What are the Baby Blues?
Maternal baby blues, also known as postpartum blues or maternity blues, is a common condition experienced by 85% of women after giving birth. The Baby Blues cause feelings of sadness, anxiety, irritability, and mood swings. This usually occurs within the first few days after delivery and can last for up to two weeks. Interestingly, 10% of new fathers experience the baby blues also.
The exact cause of baby blues is not fully understood, but it is thought to be related to the changes in hormones that occur after giving birth. It may also be related to the physical and emotional demands of caring for a newborn, sleep deprivation, and other stresses.
What are the Symptoms?
The symptoms of the baby blues can include:
- Experiencing mood swings where you are feeling happy one moment and then tearful or irritable the next.
- Crying for no apparent reason or feeling like you’re on the verge of tears.
- Feeling anxious or nervous, with an increased sense of worry or fear.
- Feeling easily irritated or agitated, or having a short fuse.
- Finding it hard to fall asleep, stay asleep, or feeling restless or fatigued.
- Changes in appetite, losing or gaining weight, or having changes in appetite.
- Difficulty concentrating, feeling forgetful or spaced-out.
- Physical symptoms such as headaches or stomach problems.
These symptoms are usually mild and tend to resolve on their own within two weeks to one month.
What is Post Partum Depression?
Postpartum depression (PPD) is a mood disorder that can affect new mothers after childbirth. It occurs in the first year after giving birth and can range from mild to severe. PPD is estimated to affect around 10-15% of new mothers.
Symptoms of PPD can include:
- Feelings of sadness
- Anxiety and worry
- Either Trouble Sleeping or Oversleeping
- Fatigue or loss of energy
- Having trouble focusing and making decisions
- Appetite Changes
- Feeling worthless
- Losing interest in things you enjoyed
- Thoughts of harming yourself or your baby
Who might get Postpartum Depression?
PPD can affect any new mother, regardless of their situation. However, there are some factors that may increase the risk of developing PPD, including:
- Previous history: Women who have experienced depression or anxiety, or who have experienced PPD in a previous pregnancy, are at an increased risk of developing PPD.
- Family History – If your mother suffered from PPD, you are more likely to experience PPD.
- Lack of family support can increase the likelihood of experiencing PPD.
- Genetics: Researchers have found genetic markers that predict an increased risk of PPD.
- Stressful life events
- Birth complications such as a difficult labor
It’s important to note that while these factors may increase the risk of developing PPD, not everyone who experiences them will develop PPD. Additionally, PPD can occur in women who do not have any of these risk factors.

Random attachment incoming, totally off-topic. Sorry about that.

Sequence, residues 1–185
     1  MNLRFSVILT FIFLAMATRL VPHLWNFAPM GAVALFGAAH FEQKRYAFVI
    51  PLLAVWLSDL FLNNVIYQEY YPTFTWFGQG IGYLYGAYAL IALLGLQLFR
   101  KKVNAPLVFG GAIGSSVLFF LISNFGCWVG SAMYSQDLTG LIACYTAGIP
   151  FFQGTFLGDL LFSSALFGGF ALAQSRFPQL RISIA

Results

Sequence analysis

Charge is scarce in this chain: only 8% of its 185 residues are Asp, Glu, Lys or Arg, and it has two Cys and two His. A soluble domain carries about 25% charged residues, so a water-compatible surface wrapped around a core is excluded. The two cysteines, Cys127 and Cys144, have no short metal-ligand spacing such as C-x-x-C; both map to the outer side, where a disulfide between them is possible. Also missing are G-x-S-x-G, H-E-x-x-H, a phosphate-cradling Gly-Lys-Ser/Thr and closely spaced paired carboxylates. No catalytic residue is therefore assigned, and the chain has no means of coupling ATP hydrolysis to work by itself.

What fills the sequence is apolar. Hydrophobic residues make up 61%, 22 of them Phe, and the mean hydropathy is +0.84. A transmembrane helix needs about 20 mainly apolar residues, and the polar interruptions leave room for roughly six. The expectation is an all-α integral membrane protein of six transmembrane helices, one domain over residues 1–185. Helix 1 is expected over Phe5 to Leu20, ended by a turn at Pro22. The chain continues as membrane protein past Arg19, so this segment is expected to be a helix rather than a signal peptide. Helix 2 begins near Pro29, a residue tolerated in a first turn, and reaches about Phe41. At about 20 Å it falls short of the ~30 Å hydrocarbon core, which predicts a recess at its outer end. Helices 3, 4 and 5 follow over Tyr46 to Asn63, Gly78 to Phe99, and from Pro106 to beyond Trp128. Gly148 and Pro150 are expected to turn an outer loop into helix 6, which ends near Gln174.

What’s the difference between Baby Blues and Postpartum Depression?
Maternal baby blues is different from PPD, which is a more severe and long-lasting form of mood disorder that can occur after giving birth. While both baby blues and PPD can occur after childbirth, they are different conditions. Here are the things that make PPD different from the Baby Blues:
- Timing: Baby blues typically occur within the first few days to two weeks after giving birth, while PPD usually develops within the first few months after delivery, but can occur up to a year after.
- Duration and severity: Baby blues symptoms are usually mild, lasting no more than two weeks, while PPD symptoms are more severe, lasting longer than two weeks and may interfere with a mother’s ability to care for her baby and herself.
- Symptoms: Baby blues symptoms include mood changes and irritability, while PPD symptoms include persistent feelings of sadness, hopelessness, guilt, and worthlessness. PPD may also include physical symptoms like changes in appetite and sleep patterns, as well as thoughts of self-harm or harm to the baby.
- Treatment: Baby blues often don’t require treatment, while PPD typically requires treatment such as therapy, medication, or a combination of both.
If baby blues symptoms persist beyond two weeks or if they are severe enough to interfere with daily functioning, it’s possible that a woman may be experiencing PPD or another mood disorder and should seek professional help.
How to cope with Baby Blues
Here are some strategies that may help cope with the baby blues:
- Get enough rest: Lack of sleep can exacerbate feelings of sadness and anxiety. Try to nap when the baby naps and ask for help with nighttime feedings.
- Seek support: Reach out to friends and family members for emotional support, or consider joining a new mothers’ support group.
- Take care of your physical health: Eat a healthy diet, drink plenty of water, and engage in light exercise if your doctor approves.
- Take breaks: It’s okay to take some time for yourself to do something that makes you feel good, whether it’s taking a walk, reading a book, or watching a movie.
- Communicate with your partner: It’s important to communicate with your partner about how you’re feeling and ask for help when you need it.
- Be kind to yourself: Remember that the baby blues are a normal part of the postpartum period, and it’s okay to feel overwhelmed or emotional. Be gentle with yourself and don’t put too much pressure on yourself to do everything perfectly.
Postpartum Depression Help in the Denver area.
Baby Blues are a common thing when you make your transition to life with a baby. Thankfully they will usually disappear before your baby is one month old! If you are still anxious or sad after one month then we are here to help. We invite you to call us at 720-551-4553 for a free 20-minute phone consultation with a sex therapy specialist. Click the link to learn more about our Therapy Services at Self Care Impact Counseling